Luckily our project didn't have many of these, but since ASP.NET MVC is still just ASP.NET, we had to catalog:

  • ASPX pages
  • ASMX web services
  • ASHX web handlers

There are probably other ways to have stand-alone HTTP handlers but in our project this is really all we needed to look for. Finding and cataloging them was just a matter of using Powershell to find and list files with those extensions.

Now the strategy of how to deal with this, I'll save for the next post. Initially we just wanted to understand the scope of what we were dealing with.

ASP.NET MVC Middleware

Middleware in MVC is a bit different than ASP.NET in general. Typically, we can look in Global.asax.cs to see our MVC middleware and configuration:

public class MvcApplication : HttpApplication
    protected void Application_Start()
        DbInterception.Add(new SchoolInterceptorTransientErrors());
        DbInterception.Add(new SchoolInterceptorLogging());

        ViewEngines.Engines.Add(new FeatureViewLocationRazorViewEngine());

I'm mainly looking here at what features of MVC we're using, and how we're extending it. Above, we can see that there's other "non-MVC" stuff going on which will also need to be ported. We'll also dig down into each of these startup methods to see if there's anything special going on but for the most part I'm just trying to catalog.

Finally, we also have OWIN to worry about so I look for an OwinStartup class:

[assembly: OwinStartup(typeof(Startup))]
namespace ContosoUniversity
    public partial class Startup
        public void Configuration(IAppBuilder app)




This is a bit more revealing, as we have SignalR, Hangfire, and authentication to worry about.

ASP.NET Middleware

In addition to the MVC-specific middleware (your Global.asax is probably WAY longer than this), I also need to worry about what ASP.NET kinds of things are going on. So much can happen in web.config, we need to make sure we account for those.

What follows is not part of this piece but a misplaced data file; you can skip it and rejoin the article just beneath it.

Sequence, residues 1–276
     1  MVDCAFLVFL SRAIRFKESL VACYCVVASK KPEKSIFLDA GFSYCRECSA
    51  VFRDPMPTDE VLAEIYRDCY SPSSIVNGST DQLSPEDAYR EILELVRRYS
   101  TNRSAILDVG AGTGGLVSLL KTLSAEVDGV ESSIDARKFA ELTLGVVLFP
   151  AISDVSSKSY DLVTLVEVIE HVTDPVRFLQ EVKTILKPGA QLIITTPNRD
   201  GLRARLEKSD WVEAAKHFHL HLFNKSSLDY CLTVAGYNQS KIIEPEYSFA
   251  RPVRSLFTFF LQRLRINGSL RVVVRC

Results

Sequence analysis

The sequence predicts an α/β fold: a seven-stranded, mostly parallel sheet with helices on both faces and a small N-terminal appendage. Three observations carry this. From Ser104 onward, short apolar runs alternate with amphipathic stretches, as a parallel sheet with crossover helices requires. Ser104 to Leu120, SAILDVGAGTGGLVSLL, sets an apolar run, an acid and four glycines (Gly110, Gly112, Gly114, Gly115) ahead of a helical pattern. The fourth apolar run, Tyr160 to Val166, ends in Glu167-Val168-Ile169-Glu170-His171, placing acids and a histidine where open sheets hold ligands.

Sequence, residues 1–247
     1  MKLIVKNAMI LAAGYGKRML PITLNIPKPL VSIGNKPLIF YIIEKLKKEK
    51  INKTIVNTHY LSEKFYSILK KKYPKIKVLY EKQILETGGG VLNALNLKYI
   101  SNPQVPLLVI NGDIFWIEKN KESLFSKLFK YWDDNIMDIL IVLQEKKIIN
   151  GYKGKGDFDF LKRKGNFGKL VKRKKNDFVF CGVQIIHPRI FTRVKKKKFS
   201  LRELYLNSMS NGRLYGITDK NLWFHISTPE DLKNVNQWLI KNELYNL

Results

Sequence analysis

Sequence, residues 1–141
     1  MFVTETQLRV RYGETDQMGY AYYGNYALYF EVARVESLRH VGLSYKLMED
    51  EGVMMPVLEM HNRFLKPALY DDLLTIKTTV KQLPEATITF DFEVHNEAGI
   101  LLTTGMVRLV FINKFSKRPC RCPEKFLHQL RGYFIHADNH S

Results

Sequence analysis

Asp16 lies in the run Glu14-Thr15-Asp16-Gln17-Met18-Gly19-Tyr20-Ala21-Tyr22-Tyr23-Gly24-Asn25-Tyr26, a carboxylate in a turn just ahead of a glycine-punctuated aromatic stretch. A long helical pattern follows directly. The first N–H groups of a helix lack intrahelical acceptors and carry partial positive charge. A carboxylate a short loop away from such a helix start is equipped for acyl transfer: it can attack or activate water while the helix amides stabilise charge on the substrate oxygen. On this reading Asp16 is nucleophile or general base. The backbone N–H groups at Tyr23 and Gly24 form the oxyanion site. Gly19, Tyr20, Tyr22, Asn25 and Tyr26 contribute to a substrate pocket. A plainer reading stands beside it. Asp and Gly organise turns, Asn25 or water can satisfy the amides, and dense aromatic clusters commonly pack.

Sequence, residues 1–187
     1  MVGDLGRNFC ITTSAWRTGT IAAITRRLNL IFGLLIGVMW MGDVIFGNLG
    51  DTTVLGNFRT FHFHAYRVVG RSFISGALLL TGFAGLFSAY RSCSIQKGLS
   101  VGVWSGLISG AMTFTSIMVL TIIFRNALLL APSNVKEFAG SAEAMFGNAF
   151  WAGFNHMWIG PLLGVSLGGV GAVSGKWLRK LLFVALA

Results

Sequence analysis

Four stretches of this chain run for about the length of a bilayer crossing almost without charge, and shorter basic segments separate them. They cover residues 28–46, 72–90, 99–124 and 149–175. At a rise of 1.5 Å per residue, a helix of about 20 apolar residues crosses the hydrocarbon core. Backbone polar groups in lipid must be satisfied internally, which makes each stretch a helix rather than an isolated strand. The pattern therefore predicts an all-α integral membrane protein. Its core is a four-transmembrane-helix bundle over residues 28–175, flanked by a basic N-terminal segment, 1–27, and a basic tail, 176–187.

The sections I'm paying attention to are system.web and system.webServer which will declare all sorts of configuration, handlers, and modules:

  <compilation debug="true" targetFramework="4.8.1"/>
  <httpRuntime targetFramework="4.8.1"/>
  <customErrors mode="RemoteOnly" redirectMode="ResponseRewrite">
    <error statusCode="404" redirect="/404Error.aspx"/>
  <!-- Glimpse: This can be commented in to add additional data to the Trace tab when using WebForms
      <trace writeToDiagnosticsTrace="true" enabled="true" pageOutput="false"/> -->
    <add name="Glimpse" type="Glimpse.AspNet.HttpModule, Glimpse.AspNet"/>
    <add path="glimpse.axd" verb="GET" type="Glimpse.AspNet.HttpHandler, Glimpse.AspNet"/>

When it comes to figuring out what to do with each of these sets of values, we'll also need to examine the purpose for each and how critical each are to the overall operation of the ASP.NET Core application. Some things (like authorization) might be critical while others (Glimpse 😢) are not.


Library and component dependencies can come in a couple main flavors:

  • Package references
  • Library references

Component libraries can get rather exotic as well. Getting a list can be pretty straight forward - just listing what's in the various config files like packages.config. Many of the packages can be ignored as they won't come over in any form. Things like Microsoft.AspNet.* will have replacements we likely won't even need to reference explicitly. Other packages will have equivalents in the new runtimes. Some packages will be deprecated, with wholesale replacements. Others will have no replacement and could be years old without any new release.

This list can be quite long but initially our big question we want to answer is "are there any dependencies that do NOT have any upgrade path?". These dependencies present the biggest risk to migration as we might have to do quite a bit of work to replace or remove them.

The end result of all this cataloging feels a bit like organizing a junk drawer. You might not know how much cruft has piled up over the years. At the end, we felt like we had a decent grasp of everything that existed in the current system and needed decisions on what to do with it.

In the next post, I'll walk through our overall migration strategy and plan based on our cataloging of "current state" of the system.